All in all, Michael Jordan finished the regular season averaging 35.0 points, 5.5 rebounds, 5.9 assists, 3.2 steals, and 1.6 blocks in 40.4 minutes per game – he played in all 82 games. He shot 53% from the floor and 84% from the charity stripe. He led the league in both minutes per game and points per game.
Jordan finished with at least 30 points in 59 games during his 1987-88 campaign – including 18 games with at least 40 points and four games with 50+ points. He had 13 double-doubles, two triple-doubles, and 14 games with at least 5 steals. It was quite an incredible season he had and one of the best of all-time.
4. 1990-91 Season
The 1990-91 season was Michael Jordan’s seventh season in the NBA. The Chicago Bulls were coming off a 55-27 season the year before and reached the Conference Finals for the second consecutive year. Unfortunately, it was also their second consecutive season getting knocked out in the Conference Finals.
Jordan was determined to do better – and he did. The Bulls ended the 1990-91 season with a 61-21 record, which was a franchise record for most wins in a single season at the time. His team was 32-14 at the All-Star break and ended the season 29-7 en route to Jordan securing his second MVP award.
In addition to the MVP honor, Jordan was also named an All-Star and was selected to both the All-NBA First Team and All-Defensive First Team. He finished the regular season averaging 31.5 points, 6.0 rebounds, 5.5 assists, 2.7 steals, and 1.0 blocks in 37.0 minutes per game – he played in all 82 games.
Here are some of his best performances during the 1990-91 season:
- 46 points, 5 rebounds, 2 assists, 3 steals, 2 blocks vs. Bucks (4/15/91)
- 44 points, 4 rebounds, 6 assists, 5 steals, 2 blocks vs. Magic (4/2/91)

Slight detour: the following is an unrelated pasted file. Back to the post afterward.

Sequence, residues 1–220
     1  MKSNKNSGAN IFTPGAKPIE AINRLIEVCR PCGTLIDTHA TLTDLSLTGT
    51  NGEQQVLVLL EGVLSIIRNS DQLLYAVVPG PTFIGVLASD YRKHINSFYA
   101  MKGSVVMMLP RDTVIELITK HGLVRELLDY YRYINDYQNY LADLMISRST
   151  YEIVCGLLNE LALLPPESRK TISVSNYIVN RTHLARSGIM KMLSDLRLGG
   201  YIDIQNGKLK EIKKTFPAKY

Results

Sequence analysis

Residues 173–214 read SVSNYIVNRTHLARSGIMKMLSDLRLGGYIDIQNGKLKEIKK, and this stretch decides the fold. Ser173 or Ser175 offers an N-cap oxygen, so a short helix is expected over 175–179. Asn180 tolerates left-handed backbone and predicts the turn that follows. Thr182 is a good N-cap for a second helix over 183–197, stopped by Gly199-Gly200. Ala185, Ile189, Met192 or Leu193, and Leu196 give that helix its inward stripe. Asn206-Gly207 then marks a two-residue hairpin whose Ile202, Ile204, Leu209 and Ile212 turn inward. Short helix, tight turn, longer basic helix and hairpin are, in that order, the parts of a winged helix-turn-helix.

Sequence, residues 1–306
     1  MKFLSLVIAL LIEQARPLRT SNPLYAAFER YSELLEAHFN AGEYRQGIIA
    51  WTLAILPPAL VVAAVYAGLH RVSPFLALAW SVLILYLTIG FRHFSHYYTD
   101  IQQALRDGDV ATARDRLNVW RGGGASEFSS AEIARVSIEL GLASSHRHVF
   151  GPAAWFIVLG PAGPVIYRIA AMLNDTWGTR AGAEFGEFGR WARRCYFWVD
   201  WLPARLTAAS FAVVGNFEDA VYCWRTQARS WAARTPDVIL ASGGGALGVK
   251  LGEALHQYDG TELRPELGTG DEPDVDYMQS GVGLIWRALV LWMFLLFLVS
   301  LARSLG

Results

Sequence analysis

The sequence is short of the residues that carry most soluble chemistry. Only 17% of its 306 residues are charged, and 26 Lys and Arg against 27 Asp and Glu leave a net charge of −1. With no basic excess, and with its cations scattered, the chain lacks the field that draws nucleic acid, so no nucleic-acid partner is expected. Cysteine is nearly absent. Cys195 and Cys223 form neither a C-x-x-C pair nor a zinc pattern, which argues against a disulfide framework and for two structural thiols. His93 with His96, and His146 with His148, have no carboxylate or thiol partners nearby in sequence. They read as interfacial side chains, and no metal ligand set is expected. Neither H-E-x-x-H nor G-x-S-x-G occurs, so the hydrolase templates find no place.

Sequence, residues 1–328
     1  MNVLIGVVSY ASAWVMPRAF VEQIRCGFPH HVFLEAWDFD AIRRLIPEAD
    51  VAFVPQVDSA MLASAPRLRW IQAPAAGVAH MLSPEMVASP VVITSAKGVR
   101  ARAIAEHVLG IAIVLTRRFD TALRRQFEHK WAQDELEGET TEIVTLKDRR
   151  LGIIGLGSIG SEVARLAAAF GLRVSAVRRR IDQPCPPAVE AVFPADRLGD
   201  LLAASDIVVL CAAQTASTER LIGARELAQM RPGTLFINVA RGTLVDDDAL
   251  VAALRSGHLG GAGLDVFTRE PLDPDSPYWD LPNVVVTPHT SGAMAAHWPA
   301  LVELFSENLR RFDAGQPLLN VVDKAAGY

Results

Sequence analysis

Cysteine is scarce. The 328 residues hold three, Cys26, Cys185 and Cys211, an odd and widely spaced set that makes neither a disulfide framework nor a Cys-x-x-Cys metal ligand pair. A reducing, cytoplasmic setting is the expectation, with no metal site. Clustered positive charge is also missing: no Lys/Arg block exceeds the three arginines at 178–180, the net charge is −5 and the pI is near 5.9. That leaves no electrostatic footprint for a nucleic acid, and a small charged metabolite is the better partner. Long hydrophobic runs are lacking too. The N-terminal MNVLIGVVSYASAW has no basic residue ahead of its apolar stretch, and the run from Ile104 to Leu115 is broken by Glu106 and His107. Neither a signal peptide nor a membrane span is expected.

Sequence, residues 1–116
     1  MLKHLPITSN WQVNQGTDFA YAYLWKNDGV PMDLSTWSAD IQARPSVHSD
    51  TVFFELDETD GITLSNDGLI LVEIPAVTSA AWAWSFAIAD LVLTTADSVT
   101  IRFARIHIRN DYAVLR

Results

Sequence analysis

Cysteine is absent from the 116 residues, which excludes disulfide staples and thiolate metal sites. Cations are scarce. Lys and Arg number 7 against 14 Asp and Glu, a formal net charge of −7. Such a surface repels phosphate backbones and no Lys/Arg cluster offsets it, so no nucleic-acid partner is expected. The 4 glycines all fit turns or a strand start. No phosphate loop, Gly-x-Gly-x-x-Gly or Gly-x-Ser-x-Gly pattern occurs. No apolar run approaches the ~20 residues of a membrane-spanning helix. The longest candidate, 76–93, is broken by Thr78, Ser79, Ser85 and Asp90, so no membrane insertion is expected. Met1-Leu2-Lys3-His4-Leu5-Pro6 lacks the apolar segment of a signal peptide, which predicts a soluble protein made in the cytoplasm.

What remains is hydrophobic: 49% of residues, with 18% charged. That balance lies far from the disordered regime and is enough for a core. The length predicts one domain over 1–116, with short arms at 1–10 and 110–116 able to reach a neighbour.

- 42 points, 14 rebounds, 7 assists, 3 steals, 1 block vs. Warriors (12/27/90)
- 39 points, 9 rebounds, 6 assists, 6 steals, 2 blocks vs. Heat (12/18/90)
- 38 points, 7 rebounds, 12 assists, 3 steals, 1 block vs. Nuggets (11/24/90)
All in all, he finished the 1990-91 regular season with at least 30 points in 52 games and at least 40 points in 11 games. He recorded 13 double-doubles and had at least 5 steals in 14 games. Much like we’ve seen in year’s past, MJ was lighting it up daily. He only scored less than 20 points in four games.
His season didn’t end there. He played just as well in the 1991 playoffs, averaging 31.1 points, 6.4 rebounds, 8.4 assists, 2.4 steals, and 1.4 blocks in 17 games played. He led the Bulls to a 15-2 record in the playoffs en route to the Bulls’ first championship in franchise history – Jordan was named Finals MVP.
3. 1991-92 Season
The 1991-92 season was Michael Jordan’s eighth season in the NBA. Coming off a year that saw MJ win a championship, MVP, and Finals MVP, many people were wondering if he could do it again. And just when you thought MJ couldn’t surprise you anymore than he already did, he went and did it all over again.
Jordan led his team to a 39-9 record by the All-Star break and went 28-6 in the second half of the season to end the year 67-15 – once again, breaking the franchise record for most wins in a season. Jordan won his third total and second consecutive MVP award. It was a steady reminder that he was the NBA’s best.